While I will speak openly about the challenge before us, the underlying message is a call to hope. God has not abandoned his Church and will certainly not leave us in our time of need. Each year we celebrate the Resurrection of Christ at Easter; this is the basis of this hope, made our own through our sharing in his death and resurrection. St. Paul reminds us that after our trials, “[H]ope does not disappoint us, because God’s love has been poured into our hearts through the Holy Spirit who has been given to us.” (Rm. 5:5) With these words in mind, we give thanks to God ahead of time for the abundant fruit that will be born from our efforts of a year focused on praying for more priestly vocations.
Jesus Christ built his Church upon the foundation of holy priests. “And so I say to you, you are Peter, and upon this rock I will build my church, and the gates of the netherworld shall not prevail against it” (Mt. 16:18). In order that successive generations would be no poorer than those who saw the Lord and heard him in Galilee and Jerusalem, he called disciples to himself and taught them to act, teach, and love in his name. These first disciples, his Apostles, were entrusted with the mission to “make disciples of all nations.” But this was a task too great for them to accomplish on their own, so he “breathed on them the Holy Spirit” thus what they taught would not be by their own authority but in Jesus’ name.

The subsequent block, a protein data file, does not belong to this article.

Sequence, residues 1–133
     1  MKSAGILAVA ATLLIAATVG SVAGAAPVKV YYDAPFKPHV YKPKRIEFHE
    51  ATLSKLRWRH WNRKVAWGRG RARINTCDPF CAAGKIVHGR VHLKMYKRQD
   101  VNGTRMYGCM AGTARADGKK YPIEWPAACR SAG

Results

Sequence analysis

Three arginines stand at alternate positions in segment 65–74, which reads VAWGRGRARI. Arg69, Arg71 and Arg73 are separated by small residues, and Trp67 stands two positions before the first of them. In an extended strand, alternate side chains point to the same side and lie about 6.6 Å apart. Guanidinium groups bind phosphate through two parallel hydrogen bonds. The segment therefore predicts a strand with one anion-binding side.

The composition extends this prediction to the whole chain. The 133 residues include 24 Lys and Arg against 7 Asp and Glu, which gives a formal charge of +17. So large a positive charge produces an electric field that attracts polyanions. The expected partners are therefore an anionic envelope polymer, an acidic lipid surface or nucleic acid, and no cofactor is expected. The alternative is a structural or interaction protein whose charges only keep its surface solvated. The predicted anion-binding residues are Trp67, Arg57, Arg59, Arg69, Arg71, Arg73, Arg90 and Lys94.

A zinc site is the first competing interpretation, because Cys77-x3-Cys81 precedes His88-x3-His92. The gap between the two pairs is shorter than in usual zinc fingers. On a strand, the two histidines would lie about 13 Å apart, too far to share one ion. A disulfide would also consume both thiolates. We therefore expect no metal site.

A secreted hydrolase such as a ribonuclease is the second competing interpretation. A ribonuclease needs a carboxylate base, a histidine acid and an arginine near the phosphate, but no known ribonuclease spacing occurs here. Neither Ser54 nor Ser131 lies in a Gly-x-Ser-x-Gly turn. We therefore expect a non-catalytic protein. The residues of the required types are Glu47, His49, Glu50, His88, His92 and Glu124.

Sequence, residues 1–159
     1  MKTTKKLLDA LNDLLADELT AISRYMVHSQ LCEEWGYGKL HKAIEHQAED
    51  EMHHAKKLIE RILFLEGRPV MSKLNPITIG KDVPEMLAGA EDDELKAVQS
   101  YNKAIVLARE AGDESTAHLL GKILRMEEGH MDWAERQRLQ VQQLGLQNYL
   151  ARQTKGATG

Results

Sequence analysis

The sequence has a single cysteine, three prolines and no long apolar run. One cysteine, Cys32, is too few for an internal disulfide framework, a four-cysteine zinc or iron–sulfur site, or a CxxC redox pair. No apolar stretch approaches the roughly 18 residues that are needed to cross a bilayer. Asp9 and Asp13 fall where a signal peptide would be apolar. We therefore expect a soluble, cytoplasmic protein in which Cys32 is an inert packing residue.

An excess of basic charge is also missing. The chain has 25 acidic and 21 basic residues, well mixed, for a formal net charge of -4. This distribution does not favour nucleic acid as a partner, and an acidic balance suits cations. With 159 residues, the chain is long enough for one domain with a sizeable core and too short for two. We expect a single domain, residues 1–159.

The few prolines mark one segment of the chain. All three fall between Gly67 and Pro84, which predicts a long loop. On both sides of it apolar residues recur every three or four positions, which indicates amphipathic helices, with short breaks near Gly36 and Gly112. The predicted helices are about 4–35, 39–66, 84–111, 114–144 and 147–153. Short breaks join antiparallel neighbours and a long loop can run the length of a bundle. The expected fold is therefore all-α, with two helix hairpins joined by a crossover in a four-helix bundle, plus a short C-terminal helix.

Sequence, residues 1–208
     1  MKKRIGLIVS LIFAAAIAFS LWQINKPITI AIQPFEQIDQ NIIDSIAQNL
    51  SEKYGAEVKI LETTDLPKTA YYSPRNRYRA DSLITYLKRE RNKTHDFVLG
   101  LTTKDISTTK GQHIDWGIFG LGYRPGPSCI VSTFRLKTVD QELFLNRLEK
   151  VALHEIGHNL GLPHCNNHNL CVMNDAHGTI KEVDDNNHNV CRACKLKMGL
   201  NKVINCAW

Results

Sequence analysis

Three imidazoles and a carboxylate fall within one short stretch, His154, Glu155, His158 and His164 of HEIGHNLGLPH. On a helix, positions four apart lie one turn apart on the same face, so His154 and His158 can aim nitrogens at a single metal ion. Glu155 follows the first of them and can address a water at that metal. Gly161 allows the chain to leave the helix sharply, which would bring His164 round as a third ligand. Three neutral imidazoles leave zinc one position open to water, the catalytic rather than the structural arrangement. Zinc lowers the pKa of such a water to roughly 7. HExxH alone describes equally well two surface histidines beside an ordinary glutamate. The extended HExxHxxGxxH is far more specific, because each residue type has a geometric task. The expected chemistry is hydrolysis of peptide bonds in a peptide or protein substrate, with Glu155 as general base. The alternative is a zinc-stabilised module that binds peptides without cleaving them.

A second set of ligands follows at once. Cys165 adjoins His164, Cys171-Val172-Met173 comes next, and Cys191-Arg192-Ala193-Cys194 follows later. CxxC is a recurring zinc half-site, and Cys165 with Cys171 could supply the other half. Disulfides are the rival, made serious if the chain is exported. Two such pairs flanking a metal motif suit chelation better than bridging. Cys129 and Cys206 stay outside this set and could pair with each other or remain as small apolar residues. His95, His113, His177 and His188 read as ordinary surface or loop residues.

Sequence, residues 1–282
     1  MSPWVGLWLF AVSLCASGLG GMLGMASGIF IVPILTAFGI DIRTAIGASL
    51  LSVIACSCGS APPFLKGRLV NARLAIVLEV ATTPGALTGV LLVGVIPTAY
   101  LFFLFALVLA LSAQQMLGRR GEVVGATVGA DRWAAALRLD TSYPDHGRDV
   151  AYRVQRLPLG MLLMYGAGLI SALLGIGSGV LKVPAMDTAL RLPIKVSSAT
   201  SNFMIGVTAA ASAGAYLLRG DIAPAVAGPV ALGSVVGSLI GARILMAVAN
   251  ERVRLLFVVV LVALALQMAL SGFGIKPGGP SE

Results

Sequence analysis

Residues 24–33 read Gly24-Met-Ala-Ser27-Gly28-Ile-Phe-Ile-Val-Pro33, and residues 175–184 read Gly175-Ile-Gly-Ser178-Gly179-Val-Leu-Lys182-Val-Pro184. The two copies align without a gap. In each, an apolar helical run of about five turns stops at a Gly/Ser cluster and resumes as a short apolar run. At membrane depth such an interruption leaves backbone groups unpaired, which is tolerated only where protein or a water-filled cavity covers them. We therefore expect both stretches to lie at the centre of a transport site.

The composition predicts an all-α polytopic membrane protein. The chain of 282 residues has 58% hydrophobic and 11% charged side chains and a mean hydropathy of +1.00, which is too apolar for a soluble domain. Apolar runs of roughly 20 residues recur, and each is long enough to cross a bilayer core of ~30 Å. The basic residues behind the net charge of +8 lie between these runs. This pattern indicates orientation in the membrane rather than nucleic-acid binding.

Those Apostles in turn entrusted the gift of the Holy Spirit to act in Christ’s power to successive men who served as bishops and priests. And so this bestowal of the Holy Spirit continues down to our day by the ordination of priests, who are truly called to act “in persona Christi,“ that is “in the person of Christ.” It is by this power that when a priest says “your sins are forgiven” we are reconciled with God; when he says at Mass “this is my body…this is my blood” what looks and tastes like bread and wine are truly the Body, Blood, Soul, and Divinity of Jesus Christ. Because God has entrusted this awesome power in “earthen vessels” of priests, you and I have no less access to Jesus Christ than Mary Magdalen, Simon Peter, or Lazarus. What an awesome gift the priesthood is, not just for the man who is ordained, but for the whole Church and truly for the whole world! And because this gift is in such short supply, we must ask for more men to say “yes” to their vocation.